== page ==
Wednesday, November 26, 2008

Teaching is Learning: Holding the Yarn

Teaching a beginning class is a great way to rediscover the process that you went through when you were first learning a craft yourself. It forces you to analyze steps that have become automatic for you and to think about why you do things the way you do them.

For example, how do you tell a beginning knitter how to hold their yarn? Do you initially teach everyone to hold the yarn the same way that you do? What if a beginner has a different dominant hand than you do?

Originally, I learned to knit from a book that showed only the English method of wrapping stitches. I found it to be so slow-going that I just went back to crochet which I found to be faster. Then one day some years later I found a different book that showed continental knitting in which the yarn is held in the left hand as in crocheting. So I tried knitting again and this time I liked it.

The lesson in this is that sometimes a certain method will just not work for someone. So I try to encourage my students to experiment and to think about whether what they are doing is working or whether they might want to try a different approach.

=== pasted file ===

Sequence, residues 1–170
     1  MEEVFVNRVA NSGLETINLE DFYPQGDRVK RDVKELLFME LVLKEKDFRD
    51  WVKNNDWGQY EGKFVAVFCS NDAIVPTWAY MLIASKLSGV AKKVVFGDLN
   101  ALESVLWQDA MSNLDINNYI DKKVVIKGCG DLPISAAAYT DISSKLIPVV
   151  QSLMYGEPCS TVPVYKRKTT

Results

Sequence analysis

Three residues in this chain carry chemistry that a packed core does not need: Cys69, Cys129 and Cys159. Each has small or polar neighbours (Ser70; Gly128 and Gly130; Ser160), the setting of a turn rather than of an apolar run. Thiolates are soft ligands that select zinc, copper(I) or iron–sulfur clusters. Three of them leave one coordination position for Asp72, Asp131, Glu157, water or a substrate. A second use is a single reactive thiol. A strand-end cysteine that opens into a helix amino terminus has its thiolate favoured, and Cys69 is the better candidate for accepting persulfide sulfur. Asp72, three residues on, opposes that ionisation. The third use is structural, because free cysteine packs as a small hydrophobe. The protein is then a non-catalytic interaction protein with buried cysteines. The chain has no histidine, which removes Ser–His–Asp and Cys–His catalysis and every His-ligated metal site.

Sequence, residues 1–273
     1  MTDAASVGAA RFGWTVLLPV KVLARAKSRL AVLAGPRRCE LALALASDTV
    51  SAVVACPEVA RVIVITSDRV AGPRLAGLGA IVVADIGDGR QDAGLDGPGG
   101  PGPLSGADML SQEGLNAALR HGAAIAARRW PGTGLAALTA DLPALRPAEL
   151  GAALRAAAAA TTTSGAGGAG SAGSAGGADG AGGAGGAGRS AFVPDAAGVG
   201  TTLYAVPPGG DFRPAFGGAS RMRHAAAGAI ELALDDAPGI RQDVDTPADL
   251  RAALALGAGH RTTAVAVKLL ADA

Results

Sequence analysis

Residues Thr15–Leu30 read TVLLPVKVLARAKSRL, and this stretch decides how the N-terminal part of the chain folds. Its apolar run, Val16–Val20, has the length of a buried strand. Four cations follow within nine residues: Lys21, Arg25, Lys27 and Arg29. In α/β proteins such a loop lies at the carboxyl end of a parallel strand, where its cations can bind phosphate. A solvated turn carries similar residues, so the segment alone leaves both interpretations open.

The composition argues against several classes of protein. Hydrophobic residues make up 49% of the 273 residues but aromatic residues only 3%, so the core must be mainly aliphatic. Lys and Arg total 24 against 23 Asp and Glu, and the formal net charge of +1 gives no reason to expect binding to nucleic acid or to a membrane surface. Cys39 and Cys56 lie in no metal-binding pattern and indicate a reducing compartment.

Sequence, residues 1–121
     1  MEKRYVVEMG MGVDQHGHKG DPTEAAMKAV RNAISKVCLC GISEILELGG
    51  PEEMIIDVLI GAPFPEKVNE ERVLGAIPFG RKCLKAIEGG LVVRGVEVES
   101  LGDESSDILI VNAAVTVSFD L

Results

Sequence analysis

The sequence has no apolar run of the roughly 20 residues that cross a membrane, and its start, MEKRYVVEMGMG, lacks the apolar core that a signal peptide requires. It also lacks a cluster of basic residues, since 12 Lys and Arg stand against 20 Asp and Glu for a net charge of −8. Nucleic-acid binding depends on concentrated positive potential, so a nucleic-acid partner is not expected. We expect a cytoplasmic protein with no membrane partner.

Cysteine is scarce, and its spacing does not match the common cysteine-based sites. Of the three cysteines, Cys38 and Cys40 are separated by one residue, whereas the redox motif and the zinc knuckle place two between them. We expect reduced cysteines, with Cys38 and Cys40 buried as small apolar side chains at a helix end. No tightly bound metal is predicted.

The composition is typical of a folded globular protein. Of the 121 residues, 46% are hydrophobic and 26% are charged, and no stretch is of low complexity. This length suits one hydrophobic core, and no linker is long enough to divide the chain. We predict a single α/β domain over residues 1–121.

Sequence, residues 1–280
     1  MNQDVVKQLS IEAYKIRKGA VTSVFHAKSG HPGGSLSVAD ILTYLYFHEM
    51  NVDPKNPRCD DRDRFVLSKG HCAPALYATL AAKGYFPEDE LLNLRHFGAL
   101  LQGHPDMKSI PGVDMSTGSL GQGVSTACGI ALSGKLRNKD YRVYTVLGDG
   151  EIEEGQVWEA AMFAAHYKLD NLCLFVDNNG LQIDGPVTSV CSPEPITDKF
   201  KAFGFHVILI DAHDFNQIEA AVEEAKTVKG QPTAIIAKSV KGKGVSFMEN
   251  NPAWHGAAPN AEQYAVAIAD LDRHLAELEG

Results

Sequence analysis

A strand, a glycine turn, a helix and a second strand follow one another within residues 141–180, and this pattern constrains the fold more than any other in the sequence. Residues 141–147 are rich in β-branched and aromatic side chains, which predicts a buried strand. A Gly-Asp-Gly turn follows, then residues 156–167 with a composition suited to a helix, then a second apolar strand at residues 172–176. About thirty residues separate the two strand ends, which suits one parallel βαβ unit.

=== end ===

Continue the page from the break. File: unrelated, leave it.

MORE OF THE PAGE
Even within the categories of "English" and "Continental" knitting there are different ways of holding the yarn. Finding your best way is all about experimenting and the willingness to try different things. This experimenting can be augmented by viewing some of the great videos on YouTube that many knitters have posted. Following are two examples.

This first video from stell66 shows great technique for continental style knitting. Note how she holds the forefinger of her left hand very close to the needle. This allows her to knit smoothly with great speed. Watch and see:

And this second video shows both English and Continental styles:

You can learn new methods from watching You Tube videos or by just watching people who are learning to knit.

In my last knitting class, Jack showed me a way of holding the yarn in the left hand with the yarn coming from under the left index finger instead of over it. The method works well to tighten the tension when needed. Melanie, a left-handed knitter who was also holding her yarn in the left hand, needed to focus the primary movement of needles and the picking of yarn to be centered in her left hand and needle. The right needle needed to remain relatively stationary for her. Cynthia, a left-hander using the English method, developed a good regular rhythm throwing the yarn with her right hand.

There are so many ways of knitting and they are all right.

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